Once she'd landed an actual paying acting job that was going to last more than a day, Penny started making a list.
- Break a leg for real.
- Blow all of her lines and miss every mark (and totally piss off the director who never let a take go by without reminding her how lucky she was to be there).
- Forget how to speak English.
- Let the tiny bit of success go to her head, party all night every night, and sleep through her call times for days.
- Let on how creepy she found the Scientology pamphlets her medium-name costar keeps pressing on her.
- Fall down an open sewer grate on her way into work and smash her face into a pulp.
- Gain ten pounds (because, face it, Hollywood).
Never, in any of those million things, did she think that this would happen.
"Where am I?" Raj asked again, squeezing her wrist. When his eyes focused, he looked confused. His expression edged closer to terrified the longer she gaped at him. "Who are you?"
The prop master rushed up with a bag of ice wrapped in a towel from the bathroom set. He flopped it into her hand then backed away. The whole crew was giving them a ton of space. It was bad enough a visitor got hurt on set; the way they looked at him, Raj was on fire and radioactive and about to blow. No one wanted to get near him. Not until the union rep got off the phone, anyway.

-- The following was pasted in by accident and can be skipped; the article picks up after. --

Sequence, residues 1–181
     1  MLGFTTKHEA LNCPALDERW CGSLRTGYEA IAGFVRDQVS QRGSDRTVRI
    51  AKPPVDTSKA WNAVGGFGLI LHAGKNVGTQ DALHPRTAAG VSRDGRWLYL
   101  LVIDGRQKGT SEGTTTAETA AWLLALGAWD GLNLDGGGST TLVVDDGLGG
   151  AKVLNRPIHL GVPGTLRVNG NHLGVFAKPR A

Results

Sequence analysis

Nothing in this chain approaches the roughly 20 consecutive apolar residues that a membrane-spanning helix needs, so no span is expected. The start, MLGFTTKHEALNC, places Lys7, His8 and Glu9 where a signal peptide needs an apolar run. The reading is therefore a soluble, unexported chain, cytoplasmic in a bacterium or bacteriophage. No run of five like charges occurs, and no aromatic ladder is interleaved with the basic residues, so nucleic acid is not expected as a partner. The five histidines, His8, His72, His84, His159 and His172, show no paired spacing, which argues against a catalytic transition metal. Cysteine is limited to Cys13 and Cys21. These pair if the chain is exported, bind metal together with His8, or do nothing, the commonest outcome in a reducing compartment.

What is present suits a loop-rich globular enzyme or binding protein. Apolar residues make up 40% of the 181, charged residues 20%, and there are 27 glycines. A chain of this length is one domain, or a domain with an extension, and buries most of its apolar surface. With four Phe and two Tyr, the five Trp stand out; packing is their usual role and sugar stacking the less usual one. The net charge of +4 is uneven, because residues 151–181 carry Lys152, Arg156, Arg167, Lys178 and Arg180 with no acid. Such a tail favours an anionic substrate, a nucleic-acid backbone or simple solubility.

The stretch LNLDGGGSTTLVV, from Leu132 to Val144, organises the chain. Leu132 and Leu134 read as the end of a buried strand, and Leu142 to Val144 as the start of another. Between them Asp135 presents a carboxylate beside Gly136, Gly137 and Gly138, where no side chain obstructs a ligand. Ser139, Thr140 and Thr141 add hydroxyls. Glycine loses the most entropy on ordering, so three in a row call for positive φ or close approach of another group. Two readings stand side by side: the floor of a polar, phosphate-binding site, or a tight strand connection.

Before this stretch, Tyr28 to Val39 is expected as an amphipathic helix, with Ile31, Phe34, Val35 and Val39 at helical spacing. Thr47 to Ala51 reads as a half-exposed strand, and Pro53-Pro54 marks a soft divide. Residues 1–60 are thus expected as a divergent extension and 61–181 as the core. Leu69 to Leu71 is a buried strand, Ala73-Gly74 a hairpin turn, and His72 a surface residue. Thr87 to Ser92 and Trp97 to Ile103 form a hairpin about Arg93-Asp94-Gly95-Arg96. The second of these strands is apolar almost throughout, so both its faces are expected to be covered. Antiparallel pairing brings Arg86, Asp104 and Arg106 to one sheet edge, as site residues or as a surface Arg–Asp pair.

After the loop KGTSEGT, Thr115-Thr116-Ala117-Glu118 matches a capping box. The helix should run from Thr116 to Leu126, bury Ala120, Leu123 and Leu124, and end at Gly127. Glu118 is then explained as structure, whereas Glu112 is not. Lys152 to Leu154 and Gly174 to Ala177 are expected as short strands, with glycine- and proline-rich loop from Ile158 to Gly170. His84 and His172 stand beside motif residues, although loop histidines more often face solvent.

Penny laid the icepack on the rapidly swelling bump on Raj's forehead, as gently as she could. "You came to visit me at work, sweetie. Don't you remember?"
What Penny wanted to say to him next was lost in the mostly silent panic of a bunch of producers and the director as two paramedics were ushered across the soundstage. Studio and production company lawyers hung around the edges of the crowd, fingers wedged in their ears as they shouted into Bluetooth headsets.
"I don't think it's anything to worry about but your friend was exhibiting aphasic speech earlier. We want to keep an eye on him overnight." The doctor jingled the change in his pockets and flashed his bleached teeth at Penny. His lab coat paled in comparison.
"I don't know what that means."
She felt as flat as a pancake, and just about as dull. Her voice sounded like someone ran over it with a truck. She'd been sitting on her hands in a cracked plastic chair in the waiting room for what had to have been a month. None of the guys were answering their phones and she was completely out of her depth.
Penny tried not to take it personally when the doctor's smile shifted into more familiar territory as he looked down her top. "It means he wasn't communicating clearly."
"Oh, that," she said as brightly as she could. "No, that's just Raj. He can't talk if there's girls in the room. It's some kind of thing with him." Penny smiled for the first time in hours.
The doctor didn't.